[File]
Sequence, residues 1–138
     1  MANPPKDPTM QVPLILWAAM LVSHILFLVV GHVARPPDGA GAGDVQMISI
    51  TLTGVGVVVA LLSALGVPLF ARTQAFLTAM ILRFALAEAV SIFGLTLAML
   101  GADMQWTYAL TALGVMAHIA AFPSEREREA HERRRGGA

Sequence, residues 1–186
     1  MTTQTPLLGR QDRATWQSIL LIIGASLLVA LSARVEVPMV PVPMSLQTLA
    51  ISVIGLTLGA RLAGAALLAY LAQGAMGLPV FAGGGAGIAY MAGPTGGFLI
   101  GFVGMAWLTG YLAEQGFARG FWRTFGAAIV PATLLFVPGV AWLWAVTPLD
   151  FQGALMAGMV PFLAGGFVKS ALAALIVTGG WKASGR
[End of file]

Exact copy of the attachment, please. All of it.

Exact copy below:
Sequence, residues 1–138
     1  MANPPKDPTM QVPLILWAAM LVSHILFLVV GHVARPPDGA GAGDVQMISI
    51  TLTGVGVVVA LLSALGVPLF ARTQAFLTAM ILRFALAEAV SIFGLTLAML
   101  GADMQWTYAL TALGVMAHIA AFPSEREREA HERRRGGA

Sequence, residues 1–186
     1  MTTQTPLLGR QDRATWQSIL LIIGASLLVA LSARVEVPMV PVPMSLQTLA
    51  ISVIGLTLGA RLAGAALLAY LAQGAMGLPV FAGGGAGIAY MAGPTGGFLI
   101  GFVGMAWLTG YLAEQGFARG FWRTFGAAIV PATLLFVPGV AWLWAVTPLD
   151  FQGALMAGMV PFLAGGFVKS ALAALIVTGG WKASGR